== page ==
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National Flood Insurance Back at Busted

500 to 1,000 percent rate hikes promised to keep National Flood Insurance afloat. But an abort by Congress spared coastal property owners, spiked taxpayers and put the federal flood program back at busted.

A sports car sits partially submerged in sand and water along the remnants of State Road 182, in Gulf Shores, Sept. 16, 2004, in the aftermath of Hurricane Ivan.

A sports car sits partially submerged in sand and water along the remnants of State Road 182, in Gulf Shores, Sept. 16, 2004, in the aftermath of Hurricane Ivan.

AP Photo/St. Petersburg Times, Kinfay Moroti

The National Flood Insurance Program, the primary source of flood insurance coverage for most coastal residents, condo developments and businesses, is busted. As in broke. There is no money left in the coffers to pay claims arising from the next major natural disaster.

What’s more, it’s been this way for close to a decade, since the staggering costs associated with Hurricane Katrina’s assault on the Gulf Coast left the federal program, which is administered by the Federal Emergency Management Agency, more than $19 billion in the hole. Storms since then, including Hurricane Sandy on the eastern seaboard, have only made the deficit bigger, somewhere in the neighborhood of $25 billion at last count.

Everyone agrees on the problem — the premiums charged by the federal program are too low in relation to the actual flood risks faced by coastal residents. But no one can agree how to fix the system.

Now, even with a new flood insurance law set to take effect in June, insurance agents, officials in coastal towns and politicians alike say the National Flood Insurance Program is as flawed as it ever was. And it is no closer to being able to cover the spiraling costs associated with storm damage in the new era of super storms.

“You can’t fix the situation unless you have money,” says Norris Cole, a coastal insurance executive with Gulf Shores Insurance Agency.  “Our Congress is not going to put the money out there to fix the problem, and they are afraid to charge people the money to fix it. We still have the $19 billion that FEMA incurred on Katrina. Even with all the money coming in to the National Flood Insurance Program every year, they couldn’t even pay the interest on that debt. It’s all about money. Is it going to be fixed? No, because it’s the government and there aren’t enough smart people in Washington to solve this.”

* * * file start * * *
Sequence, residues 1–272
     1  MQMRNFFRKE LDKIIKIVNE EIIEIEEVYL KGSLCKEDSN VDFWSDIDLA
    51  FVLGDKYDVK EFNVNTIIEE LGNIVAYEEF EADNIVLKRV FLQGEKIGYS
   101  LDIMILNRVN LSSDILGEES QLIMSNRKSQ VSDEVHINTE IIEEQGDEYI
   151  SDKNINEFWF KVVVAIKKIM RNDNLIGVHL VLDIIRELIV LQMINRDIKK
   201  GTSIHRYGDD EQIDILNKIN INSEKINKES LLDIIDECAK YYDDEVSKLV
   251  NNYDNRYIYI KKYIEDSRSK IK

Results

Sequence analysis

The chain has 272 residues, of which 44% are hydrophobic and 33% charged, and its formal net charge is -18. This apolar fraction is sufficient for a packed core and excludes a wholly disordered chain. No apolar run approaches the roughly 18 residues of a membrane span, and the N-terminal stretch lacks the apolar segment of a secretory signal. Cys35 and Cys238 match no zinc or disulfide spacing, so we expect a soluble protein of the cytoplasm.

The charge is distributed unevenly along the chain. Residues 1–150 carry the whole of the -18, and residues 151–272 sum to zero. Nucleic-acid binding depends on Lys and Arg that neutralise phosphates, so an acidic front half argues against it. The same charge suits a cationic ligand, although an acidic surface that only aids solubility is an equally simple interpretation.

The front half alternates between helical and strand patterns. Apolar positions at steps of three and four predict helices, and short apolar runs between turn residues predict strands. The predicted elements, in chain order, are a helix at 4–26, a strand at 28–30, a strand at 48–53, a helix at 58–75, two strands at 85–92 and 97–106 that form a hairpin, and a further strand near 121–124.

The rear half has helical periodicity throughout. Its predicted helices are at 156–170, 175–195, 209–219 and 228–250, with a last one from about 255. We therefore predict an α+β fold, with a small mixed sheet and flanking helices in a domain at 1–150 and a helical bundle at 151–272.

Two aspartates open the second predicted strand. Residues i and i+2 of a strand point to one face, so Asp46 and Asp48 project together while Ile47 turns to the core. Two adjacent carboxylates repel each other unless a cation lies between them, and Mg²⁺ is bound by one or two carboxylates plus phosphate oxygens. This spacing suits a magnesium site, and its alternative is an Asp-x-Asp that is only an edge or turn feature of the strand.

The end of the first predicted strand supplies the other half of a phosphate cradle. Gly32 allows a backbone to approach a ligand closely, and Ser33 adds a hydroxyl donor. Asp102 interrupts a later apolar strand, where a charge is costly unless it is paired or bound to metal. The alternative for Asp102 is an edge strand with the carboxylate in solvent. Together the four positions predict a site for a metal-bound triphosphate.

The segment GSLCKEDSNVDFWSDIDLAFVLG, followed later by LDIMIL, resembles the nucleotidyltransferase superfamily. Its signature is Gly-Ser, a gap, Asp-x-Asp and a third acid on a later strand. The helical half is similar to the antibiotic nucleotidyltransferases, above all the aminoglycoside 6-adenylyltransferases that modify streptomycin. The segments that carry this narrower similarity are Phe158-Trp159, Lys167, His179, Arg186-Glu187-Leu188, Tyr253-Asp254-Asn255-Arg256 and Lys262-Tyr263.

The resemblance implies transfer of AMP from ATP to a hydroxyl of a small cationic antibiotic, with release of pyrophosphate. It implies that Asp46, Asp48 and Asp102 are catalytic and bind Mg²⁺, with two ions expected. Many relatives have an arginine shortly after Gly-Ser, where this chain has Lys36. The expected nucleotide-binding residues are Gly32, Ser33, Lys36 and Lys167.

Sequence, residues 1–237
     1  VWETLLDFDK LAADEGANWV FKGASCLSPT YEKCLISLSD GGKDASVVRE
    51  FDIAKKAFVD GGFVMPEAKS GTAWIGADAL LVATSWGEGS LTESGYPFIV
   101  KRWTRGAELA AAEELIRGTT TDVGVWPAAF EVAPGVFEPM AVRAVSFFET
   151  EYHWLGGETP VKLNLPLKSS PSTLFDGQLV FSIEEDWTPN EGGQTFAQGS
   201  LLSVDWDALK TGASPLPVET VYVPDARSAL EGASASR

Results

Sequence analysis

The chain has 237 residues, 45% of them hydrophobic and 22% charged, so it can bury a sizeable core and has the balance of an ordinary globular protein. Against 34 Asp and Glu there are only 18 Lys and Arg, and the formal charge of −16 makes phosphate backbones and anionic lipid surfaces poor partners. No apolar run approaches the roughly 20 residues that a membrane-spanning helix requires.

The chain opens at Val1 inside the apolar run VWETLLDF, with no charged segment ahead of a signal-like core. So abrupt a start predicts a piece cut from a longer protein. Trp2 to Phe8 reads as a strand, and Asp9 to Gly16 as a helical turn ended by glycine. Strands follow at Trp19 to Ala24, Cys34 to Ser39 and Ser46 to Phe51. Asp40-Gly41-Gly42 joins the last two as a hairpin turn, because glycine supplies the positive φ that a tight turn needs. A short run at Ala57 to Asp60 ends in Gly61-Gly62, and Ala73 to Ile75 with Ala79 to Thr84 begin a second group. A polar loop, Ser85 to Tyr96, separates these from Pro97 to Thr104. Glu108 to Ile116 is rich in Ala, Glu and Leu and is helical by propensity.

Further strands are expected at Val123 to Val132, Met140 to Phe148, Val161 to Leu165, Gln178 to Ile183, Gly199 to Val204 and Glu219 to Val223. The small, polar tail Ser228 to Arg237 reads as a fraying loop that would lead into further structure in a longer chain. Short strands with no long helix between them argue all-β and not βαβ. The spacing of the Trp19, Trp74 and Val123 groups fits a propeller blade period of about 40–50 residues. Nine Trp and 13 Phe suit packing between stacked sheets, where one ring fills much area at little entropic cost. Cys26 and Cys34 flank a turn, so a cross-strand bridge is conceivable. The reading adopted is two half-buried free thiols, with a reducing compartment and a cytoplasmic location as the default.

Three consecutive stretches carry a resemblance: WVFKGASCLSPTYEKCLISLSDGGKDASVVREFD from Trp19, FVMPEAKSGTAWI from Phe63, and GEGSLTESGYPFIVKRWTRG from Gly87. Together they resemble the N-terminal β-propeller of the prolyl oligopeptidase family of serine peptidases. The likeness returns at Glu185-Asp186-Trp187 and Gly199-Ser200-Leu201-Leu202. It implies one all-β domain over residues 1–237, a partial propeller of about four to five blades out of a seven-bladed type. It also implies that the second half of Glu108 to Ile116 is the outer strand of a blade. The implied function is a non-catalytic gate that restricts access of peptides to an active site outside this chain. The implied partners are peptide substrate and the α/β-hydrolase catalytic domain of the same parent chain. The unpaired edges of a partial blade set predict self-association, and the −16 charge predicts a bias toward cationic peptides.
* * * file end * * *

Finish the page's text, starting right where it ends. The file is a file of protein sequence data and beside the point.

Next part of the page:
Cole says the government is forced to handle flood insurance for residents in flood prone areas because the private insurance industry sees it as a money-losing proposition.

“It’s like the wind insurance pool run by the state. I doubt very seriously you’d find private insurers willing to take on that kind of risk,” Cole says. “It’s not just coastal residents. In the Mississippi River valley, the Missouri River valley, they’ve had terrible problems with flooding. Then you have these people who’ve settled on the Mississippi from Missouri to Louisiana. They don’t want to leave, and they expect the government to cover it when they lose everything, just like on the coast. There is no easy fix.”

The National Flood Insurance Program was created in 1968, in the wake of Hurricane Betsy, with the goal of making “flood insurance available on reasonable terms and conditions.” In effect, that meant making flood insurance available with heavy government subsidies, rather than forcing people to pay what insurance regulators call “full risk rates,” meaning what the private insurance companies would charge to cover flood zones. 

The full cost of those government subsidies became apparent after Hurricane Katrina, when the massive losses led U.S. Sen. Richard Shelby to warn that the program needed to be reformed. Premiums needed to be raised, he argued, so the program could meet claims and be what insurance executives describe as “actuarially sound.”